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FLANNICK v. UNEMPLOYMENT COMPENSATION BOARD REVIEW. (FLANNICK UNEMPLOYMENT COMPENSATION CASE.) (07/19/51)

SUPERIOR COURT OF PENNSYLVANIA


July 19, 1951

FLANNICK
v.
UNEMPLOYMENT COMPENSATION BOARD OF REVIEW. (FLANNICK UNEMPLOYMENT COMPENSATION CASE.)

COUNSEL

Madlyn Flannick, pro per.

William L. Hammond, Sp. Deputy Atty. Gen., Charles J. Margiotti, Atty. Gen., Bruce E. Cooper, Associate Counsel, Harrisburg, for appellee.

Before Rhodes, P. J., and Hirt, Reno, Ross, Arnold and Gunther, JJ.

Author: Reno

[ 168 Pa. Super. Page 607]

RENO, Judge.

The Board found: '1. Claimant [appellant] was last employed by the Ernest Ince Beauty Salon, * * * Philadelphia, Pa., from August, 1949, until December 31, 1949. 2. Claimant voluntarily left her employment on December 31, 1949, because of pregnancy. She did not request a leave of absence nor did she return to her former employer in an effort to be reinstated when she was again available for work, after the birth of her baby on April 24, 1950.' She registered for work in May 26, 1950. The findings are supported by the evidence and are binding upon us. Unemployment Compensation Law, § 510, 43 P.S. § 830. Compensation was denied under § 402, 43 P.S. § 802, which provides: 'An employe shall be ineligible for compensation for any week --

'(b) In which his unemployment is due to voluntarily leaving work without good cause'.

[ 168 Pa. Super. Page 608]

This appeal requires us to consider for the first time the problem and the status of a pregnant employe under the unemployment compensation statute.

It cannot be asserted, dogmatically and without reservation, that a pregnant woman who leaves her employment does so voluntarily and without good cause. A 'good cause' may be personal to the employe and need not be directly connected with the employment, Teicher Unemployment Compensation Case, 154 Pa. Super. 250, 35 A.2d 739, and where an employe is compelled to leave employment by necessitous circumstances the leaving is voluntary but with good cause. Sturdevant Unemployment Compensation Case, 158 Pa. Super. 548, 45 A.2d 898. Pregnancy is, of course, a physical condition which compels relinquishment or, at least, suspension of employment.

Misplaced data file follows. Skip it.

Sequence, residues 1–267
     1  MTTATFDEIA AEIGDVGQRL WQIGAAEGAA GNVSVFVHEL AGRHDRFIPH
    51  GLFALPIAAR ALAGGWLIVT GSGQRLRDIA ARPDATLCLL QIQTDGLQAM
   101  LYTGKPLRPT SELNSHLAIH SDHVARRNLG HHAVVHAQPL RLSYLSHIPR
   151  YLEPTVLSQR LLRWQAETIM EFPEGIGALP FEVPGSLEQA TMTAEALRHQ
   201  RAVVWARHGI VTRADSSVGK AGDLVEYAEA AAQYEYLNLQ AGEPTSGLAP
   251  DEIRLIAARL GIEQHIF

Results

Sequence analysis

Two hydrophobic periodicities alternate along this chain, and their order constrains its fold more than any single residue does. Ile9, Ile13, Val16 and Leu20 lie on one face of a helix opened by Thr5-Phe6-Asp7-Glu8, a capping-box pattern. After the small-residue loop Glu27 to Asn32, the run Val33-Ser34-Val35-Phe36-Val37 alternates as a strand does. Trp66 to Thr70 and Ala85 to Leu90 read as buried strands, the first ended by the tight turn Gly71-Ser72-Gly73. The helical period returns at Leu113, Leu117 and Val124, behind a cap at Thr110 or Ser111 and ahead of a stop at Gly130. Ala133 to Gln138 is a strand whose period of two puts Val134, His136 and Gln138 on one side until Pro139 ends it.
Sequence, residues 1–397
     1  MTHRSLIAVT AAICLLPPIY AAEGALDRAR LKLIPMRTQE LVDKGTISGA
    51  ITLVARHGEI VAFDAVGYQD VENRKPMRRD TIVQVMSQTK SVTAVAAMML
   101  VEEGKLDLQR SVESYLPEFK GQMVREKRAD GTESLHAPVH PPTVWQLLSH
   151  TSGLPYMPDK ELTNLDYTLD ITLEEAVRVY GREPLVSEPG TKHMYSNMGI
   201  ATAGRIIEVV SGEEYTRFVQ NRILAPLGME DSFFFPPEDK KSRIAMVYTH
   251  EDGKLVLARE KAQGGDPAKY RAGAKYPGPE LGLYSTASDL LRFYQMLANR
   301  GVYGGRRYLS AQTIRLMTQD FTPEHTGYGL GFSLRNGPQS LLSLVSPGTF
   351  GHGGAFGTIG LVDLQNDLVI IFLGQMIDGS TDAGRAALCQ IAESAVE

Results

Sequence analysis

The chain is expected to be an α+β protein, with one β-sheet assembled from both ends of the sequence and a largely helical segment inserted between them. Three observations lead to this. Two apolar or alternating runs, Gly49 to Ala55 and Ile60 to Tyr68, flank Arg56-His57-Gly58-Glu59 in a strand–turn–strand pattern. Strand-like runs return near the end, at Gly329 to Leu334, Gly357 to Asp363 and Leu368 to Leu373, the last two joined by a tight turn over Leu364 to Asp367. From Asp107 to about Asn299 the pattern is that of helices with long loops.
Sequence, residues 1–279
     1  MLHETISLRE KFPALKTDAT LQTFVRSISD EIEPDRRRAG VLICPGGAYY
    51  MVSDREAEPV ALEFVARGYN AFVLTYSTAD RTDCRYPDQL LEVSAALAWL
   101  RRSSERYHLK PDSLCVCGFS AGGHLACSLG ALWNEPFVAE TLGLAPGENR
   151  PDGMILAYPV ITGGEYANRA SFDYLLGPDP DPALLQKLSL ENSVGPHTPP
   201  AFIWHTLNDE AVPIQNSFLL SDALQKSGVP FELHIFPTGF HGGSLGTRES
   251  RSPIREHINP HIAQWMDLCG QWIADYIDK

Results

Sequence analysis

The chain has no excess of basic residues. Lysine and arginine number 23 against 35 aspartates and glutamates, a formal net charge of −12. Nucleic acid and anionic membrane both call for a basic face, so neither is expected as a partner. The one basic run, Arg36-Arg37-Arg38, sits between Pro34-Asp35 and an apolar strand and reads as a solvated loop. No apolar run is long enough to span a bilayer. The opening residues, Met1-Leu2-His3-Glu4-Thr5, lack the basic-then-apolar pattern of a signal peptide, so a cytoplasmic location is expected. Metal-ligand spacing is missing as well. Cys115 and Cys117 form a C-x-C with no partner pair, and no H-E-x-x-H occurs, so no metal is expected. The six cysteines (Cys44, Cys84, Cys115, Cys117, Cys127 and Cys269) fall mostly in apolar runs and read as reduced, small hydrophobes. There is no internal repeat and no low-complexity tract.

However, the condition which requires a prospective mother to cease work also prevents her from accepting other suitable work, and for a period she is ineligible for unemployment compensation. Law, § 401(d), 43 P.S. § 801(d). There may be instances where a pregnant woman is 'able to work and available for work' in a lighter or different occupation, less difficult or less detrimental to her health, for a period before her confinement, but the market for such service must, in the nature of things, be narrowly restricted. Subject to rare and exceptional cases, it may be said generally that a physical condition which justifies leaving employment will also prevent the employe from working, and consequently disqualify her from receiving benefits. D'Yantone Unemployment Compensation Case, 159 Pa. Super. 15, 46 A.2d 525.

In a realistic approach to the problem here involved, pregnancy must be treated as a temporary disability, the continuance of which varies with different individuals. Moreover, the birth of a child produces different results in various families. In some instances

[ 168 Pa. Super. Page 609]

    the mother returns to work after the confinement. In others the presence of a child in the household requires the mother's constant attention, and she permanently withdraws from the so-called labor force. In some cases a mother may be so situated (e. g., where she is living with her mother) that she can resume her former work without appreciable diminution of her energy or hours of labor. In other cases the mother will be obliged to divide her time between her child and her employment compelling her to seek and accept only part-time employment, thereby reducing her availability for work, and perhaps rendering her available only for work for which there is no demand in the labor market. And in all cases the health of the mother after the birth of the child is a potent factor.